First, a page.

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Implementing New Technology: Lessons In Change Management And Leadership

Kerri Davis Nov 18, 2022 9:37:51 AM

While at dinner with a fellow proptech firm a few weeks ago, one of their team members said, “We have clients paying for our product, but they haven’t invested the time to implement and use it.”


This article originally appeared on Forbes.com.

Adoption is an issue. Any change, from a new product implementation to an update in an existing product, can cause a lapse in adoption. How do we all—as providers and users of technology—ensure successful implementations and long-term adoption?

To answer that question, we will need to address three key areas prior to rolling out and updating technology.

 

Change Management Plans For Implementation And Feature Enhancements

Implementing new software or feature enhancements can be a big lift for any company. Before beginning a transition, it is helpful to ask your team a few questions.

  • Who is going to run point on this implementation?
  • Does that person need support/have enough time?
  • How long is this going to take?
  • What is our plan for training and roll-out?  
  • How often are we going to check in post-roll-out?
  • What do we describe as success post-implementation? 

A strong implementation with well-thought-out leaders, plans, deadlines, follow-ups and measurements for success can lead to immense team support and immediate adoption.  

If the setup feels muddled, employee unease is likely warranted, and you may be stuck in a contract with software that no one wants to use.  

When I set out to build our property management software, onboarding, transitioning and training were huge pain points we wanted to solve. For other software companies out there, I think there is a real opportunity to enhance onboarding procedures, as it marks the beginning of a new relationship with a client. Our goal is for the client experience to be positive—from engaging with our sales team to onboarding to daily use.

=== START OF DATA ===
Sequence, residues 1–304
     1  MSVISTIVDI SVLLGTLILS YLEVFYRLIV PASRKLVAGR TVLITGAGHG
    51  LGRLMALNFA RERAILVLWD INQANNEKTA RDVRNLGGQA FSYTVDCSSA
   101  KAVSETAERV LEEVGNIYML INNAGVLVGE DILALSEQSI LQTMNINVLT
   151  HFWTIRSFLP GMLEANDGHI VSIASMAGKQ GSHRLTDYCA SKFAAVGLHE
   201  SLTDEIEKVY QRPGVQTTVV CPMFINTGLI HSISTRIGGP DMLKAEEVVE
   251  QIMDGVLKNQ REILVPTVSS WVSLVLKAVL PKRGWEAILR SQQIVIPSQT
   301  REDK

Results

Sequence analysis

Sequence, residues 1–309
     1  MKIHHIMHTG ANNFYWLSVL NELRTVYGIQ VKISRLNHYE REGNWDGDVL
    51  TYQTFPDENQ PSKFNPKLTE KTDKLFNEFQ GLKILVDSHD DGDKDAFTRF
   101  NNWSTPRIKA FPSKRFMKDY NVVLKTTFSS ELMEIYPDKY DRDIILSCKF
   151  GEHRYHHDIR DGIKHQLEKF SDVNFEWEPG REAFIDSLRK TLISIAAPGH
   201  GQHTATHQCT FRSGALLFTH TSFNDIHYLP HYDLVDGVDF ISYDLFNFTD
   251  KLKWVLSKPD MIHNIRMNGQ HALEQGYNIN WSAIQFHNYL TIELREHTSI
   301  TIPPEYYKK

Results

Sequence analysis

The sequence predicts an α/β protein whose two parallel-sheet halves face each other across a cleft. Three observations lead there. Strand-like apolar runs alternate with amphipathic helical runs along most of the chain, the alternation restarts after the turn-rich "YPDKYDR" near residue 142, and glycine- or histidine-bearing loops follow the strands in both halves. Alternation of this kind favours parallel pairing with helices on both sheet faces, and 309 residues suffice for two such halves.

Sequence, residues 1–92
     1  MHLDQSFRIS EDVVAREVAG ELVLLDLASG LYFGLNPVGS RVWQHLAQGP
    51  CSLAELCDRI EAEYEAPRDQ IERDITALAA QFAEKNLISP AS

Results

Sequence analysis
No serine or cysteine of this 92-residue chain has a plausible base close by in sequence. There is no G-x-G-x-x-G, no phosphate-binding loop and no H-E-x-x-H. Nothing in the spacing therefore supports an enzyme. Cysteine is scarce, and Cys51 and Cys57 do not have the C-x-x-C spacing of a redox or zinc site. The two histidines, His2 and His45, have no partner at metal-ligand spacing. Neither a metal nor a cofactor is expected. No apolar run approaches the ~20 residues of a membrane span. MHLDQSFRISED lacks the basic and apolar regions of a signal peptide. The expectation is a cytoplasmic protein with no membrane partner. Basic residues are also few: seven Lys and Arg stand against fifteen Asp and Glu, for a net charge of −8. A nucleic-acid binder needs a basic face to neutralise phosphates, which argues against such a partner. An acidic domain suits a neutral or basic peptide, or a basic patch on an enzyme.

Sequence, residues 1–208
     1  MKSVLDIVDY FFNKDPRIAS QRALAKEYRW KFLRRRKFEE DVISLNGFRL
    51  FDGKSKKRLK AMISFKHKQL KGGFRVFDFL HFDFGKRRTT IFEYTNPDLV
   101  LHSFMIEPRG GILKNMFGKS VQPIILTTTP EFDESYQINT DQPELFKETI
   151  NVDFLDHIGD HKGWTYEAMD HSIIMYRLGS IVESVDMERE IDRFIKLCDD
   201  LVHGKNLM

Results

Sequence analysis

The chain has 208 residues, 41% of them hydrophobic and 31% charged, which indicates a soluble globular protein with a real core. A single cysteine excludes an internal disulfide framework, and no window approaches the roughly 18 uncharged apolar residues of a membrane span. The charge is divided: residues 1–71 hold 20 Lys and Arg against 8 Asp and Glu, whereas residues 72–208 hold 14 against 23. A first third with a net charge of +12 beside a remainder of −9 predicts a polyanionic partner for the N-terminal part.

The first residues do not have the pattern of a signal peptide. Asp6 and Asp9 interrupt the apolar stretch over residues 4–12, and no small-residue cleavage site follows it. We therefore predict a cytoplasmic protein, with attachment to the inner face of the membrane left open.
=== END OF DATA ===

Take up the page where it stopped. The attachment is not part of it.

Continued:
Leadership Buy-In For Increased Adoption

According to the most recent State of Software Happiness Report 2019 from G2, more than half of the over 1,600 people surveyed said they are unhappy with the software tools they are using at work. A quarter of those surveyed said they would consider leaving their position due to “mismatched” software.

In my experience, prior to introducing new software, it is important for every member of the leadership team to be bought into the value of the new software and the why behind the change or addition. A great place to start is creating a task force with the impacted department leaders. They should have a grasp on what team members in their department—the daily users—need and want. This task force should identify pain points currently experienced with the tools or processes in place and then seek out solutions that solve those problems. 

Examples of these pain points.

  • Too many systems. Employees may be logging into dozens of tools each day and entering redundant information if the systems do not integrate well (or at all).
  • Difficult to use software that is either missing important functionality or simply dated and behind the times.
  • Lagging systems that create a loss of time for your team. 

Case in point—we recently made the switch from Salesforce to HubSpot. While our marketing team was passionate about the switch from the start, our sales team was hesitant. By bringing sales (and operations and customer service) into the process, identifying pain points they were currently experiencing in other systems and then having everyone involved in the entire process, from initial conversations to demos, we were able to address the needs and wants of all involved and receive buy-in from everyone.

 

Technology And The Company DNA

A change in technology, whether it be implementing a new product or updated features, has the ability to impact a company’s “DNA.” There will always be a few laggard employees, but you can shift the overall perspective in favor of the change by ensuring that everyone understands the goals and reasons behind the switch from the start.

After all, if buy-in and setup have been properly addressed, the software should alleviate pain points, not create them. Emphasize communication between those who readily accepted the transition with those who may remain hesitant. The focus should always be on the software’s ability to initiate progress and forward-thinking within the company.

 

Regardless of the software being introduced, a smooth transition is only guaranteed when you have created a clear, structured, thought-out implementation and change management plan, ensured leadership understanding and buy-in, assessed the pain points of all employees and thoroughly assessed how the innovative technology will impact a company’s DNA. In a world of rising resignations and inflation, taking these steps prior to implementation is worth the effort to make your investment a valuable one, keep employees happy, keep efficiency up and keep costs down.

 

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